When the UPS, FedEx, or USPS guy or gal show up, it’s basically Christmas. It’s no secret that we all love opening boxes with our new parts inside. Although it isn’t Christmas, it sure feels like it knowing our newest unboxing is happening. We talked with our friends over at SCT about the latest coming out of their camp. As expected, it’s pretty exciting.
Quickly shredding through the tape of the cardboard box, I quickly removed the packaging of the latest creation from SCT, the Livewire Vision Performance Monitor. I am beyond excited to see this monitor in person and I am even more excited to get this plumbed up to a truck and try out all of the advertised features.
After talking with Jill Hepp, Marketing Director for SCT, we decided to try a couple of these units out on two different ends of the spectrum. What I mean by that is we’re going to equip this unit to a 7.3-Liter Power Stroke-powered 1999 Ford F-250 as well as a 2019 Chevrolet Sierra 2500 with the 6.6-Liter L5P Duramax.
After unraveling the flaps of the box, our new monitor was revealed. It was just as glorious as I expected. Pulling it out and doing a quick inspection, I was very impressed with the monitor and it looks to be well-built and features a big enough screen for us to see more easily.
Other items inside include Micro-USB Cable, the OBD-II cable, a window suction-cup mount, and an EGT Sensor And Module Kit (Part #9817). The Micro-USB cable allows you to have your monitor up to date with the latest software SCT has to offer. The OBD-II allows you to read off of your vehicle. The additional parts we got for our trucks are to read and monitor our Exhaust Gas Temperatures.
The SCT EGT Sensor Kit allows us to monitor the EGT levels with this Livewire Vision device and is a super easy installation with a single drill bit and tap. This kit features an RFI-shielded EGT probe which offers a more accurate reading. Exhaust gas temperature is one of the most important parameters to monitor especially on trucks that are hard workers like the ones we’re putting these on.
“Our Livewire Vision Performance Monitor puts your vehicle’s vital stats on display. It’s an easy-to-use monitoring device that includes state-of-the-art data logging capabilities to precisely measure each ride and uncover the vehicle’s power potential,” says Hepp. “With SCT’s free software, Livelink, you can review your vehicle’s data and performance tests.”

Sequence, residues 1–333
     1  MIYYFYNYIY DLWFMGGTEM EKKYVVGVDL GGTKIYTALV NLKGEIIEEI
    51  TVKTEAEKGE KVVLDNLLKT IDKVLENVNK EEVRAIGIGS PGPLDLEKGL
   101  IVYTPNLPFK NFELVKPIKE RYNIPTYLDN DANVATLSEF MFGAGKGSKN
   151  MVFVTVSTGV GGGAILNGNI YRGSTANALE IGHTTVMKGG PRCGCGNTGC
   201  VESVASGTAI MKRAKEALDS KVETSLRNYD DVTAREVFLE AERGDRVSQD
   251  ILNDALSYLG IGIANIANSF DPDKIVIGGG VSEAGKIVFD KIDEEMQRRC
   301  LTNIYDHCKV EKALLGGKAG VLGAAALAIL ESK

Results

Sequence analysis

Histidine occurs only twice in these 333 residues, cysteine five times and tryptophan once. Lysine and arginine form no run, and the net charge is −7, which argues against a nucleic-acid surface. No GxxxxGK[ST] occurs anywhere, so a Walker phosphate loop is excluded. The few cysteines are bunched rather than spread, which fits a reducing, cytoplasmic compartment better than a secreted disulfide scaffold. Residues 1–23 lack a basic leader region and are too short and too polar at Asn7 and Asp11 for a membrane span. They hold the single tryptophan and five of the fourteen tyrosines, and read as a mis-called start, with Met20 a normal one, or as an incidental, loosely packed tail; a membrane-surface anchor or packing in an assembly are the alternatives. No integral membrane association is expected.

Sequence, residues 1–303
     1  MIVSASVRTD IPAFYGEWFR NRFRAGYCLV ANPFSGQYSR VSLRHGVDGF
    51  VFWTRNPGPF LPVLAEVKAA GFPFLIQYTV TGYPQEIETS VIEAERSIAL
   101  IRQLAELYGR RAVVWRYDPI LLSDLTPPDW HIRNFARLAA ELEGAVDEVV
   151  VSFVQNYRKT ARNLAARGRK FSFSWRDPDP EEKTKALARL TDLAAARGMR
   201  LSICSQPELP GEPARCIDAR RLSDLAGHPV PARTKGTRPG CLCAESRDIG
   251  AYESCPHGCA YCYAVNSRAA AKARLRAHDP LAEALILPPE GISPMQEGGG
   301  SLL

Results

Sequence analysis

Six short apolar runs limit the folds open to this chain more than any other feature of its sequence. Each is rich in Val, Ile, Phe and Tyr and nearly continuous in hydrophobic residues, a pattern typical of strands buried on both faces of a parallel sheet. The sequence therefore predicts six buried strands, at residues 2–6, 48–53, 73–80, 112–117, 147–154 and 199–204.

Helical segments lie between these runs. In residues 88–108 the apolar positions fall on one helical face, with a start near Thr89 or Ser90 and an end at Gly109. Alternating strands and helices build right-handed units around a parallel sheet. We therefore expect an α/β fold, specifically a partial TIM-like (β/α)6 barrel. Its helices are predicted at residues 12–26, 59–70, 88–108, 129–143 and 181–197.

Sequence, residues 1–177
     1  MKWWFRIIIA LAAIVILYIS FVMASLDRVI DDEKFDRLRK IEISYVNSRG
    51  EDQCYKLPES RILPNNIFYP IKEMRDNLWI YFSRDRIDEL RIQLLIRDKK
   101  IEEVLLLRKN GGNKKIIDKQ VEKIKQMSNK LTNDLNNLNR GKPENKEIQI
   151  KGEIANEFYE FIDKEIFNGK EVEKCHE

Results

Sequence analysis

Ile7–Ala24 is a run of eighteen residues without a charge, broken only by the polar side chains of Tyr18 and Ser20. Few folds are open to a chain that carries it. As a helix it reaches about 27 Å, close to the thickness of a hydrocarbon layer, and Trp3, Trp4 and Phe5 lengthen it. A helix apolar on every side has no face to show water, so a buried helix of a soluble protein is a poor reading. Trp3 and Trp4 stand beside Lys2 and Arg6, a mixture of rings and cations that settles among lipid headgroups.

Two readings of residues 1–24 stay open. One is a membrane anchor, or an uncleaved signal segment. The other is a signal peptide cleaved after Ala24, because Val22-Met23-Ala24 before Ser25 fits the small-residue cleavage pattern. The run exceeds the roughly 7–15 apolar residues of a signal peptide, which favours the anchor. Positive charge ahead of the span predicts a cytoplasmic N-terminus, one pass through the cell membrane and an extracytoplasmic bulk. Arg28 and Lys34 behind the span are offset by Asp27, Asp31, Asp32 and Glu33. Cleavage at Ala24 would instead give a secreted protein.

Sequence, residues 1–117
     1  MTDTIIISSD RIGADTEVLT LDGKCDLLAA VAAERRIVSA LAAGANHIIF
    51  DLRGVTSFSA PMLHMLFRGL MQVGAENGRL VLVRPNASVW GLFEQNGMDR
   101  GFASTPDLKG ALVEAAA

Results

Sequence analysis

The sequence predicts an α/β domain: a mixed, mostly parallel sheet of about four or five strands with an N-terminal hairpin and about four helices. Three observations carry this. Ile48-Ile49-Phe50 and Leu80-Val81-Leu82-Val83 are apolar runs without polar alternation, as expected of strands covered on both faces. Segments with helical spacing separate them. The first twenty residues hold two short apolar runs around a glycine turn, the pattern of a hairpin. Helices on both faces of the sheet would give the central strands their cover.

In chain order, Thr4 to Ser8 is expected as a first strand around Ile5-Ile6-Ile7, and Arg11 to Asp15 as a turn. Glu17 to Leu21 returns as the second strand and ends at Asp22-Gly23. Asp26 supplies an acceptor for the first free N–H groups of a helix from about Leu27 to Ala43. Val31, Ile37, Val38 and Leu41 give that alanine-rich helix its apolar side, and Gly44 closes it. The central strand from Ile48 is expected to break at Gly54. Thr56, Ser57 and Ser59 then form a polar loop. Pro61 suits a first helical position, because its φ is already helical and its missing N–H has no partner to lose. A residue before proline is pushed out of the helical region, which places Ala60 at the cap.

As a truck owner or even a dealer, the Livelink feature is a huge plus. You can literally make your own catalog files using Livelink and transfer them into your device. That means if your “box” SCT preloaded files don’t have all of the parameters you want, you can make your own datalog configuration file.
This function makes it 100-percent custom for you truck enthusiasts. As for dealers, this allows you to set your customers’ monitors up for exactly what they need based on their vehicle modifications in which you may have already put on. What this does is takes the guesswork out for your customers. If you, the dealer, have a better understanding of what this individual needs, you can set their monitor up for it beforehand.
As expected, this gadget has all of the bells and whistles you want. If you aren’t a fan of something on the display, not a problem. It’s customizable to your liking. With this monitor, you can display your vehicle’s data and/or data log every move for future reference using the onboard LiveLink software as mentioned above.
Wanting to see what your latest upgrades did for power? The Performance Testing feature allows you to get real-time data such as 0-60mph, 1/8th mile times, 1/4 mile times, and braking testing. Although this is a sweet feature, I would recommend doing this on a safe and unoccupied road. Better yet, find your best road in “Mexico” and that should work.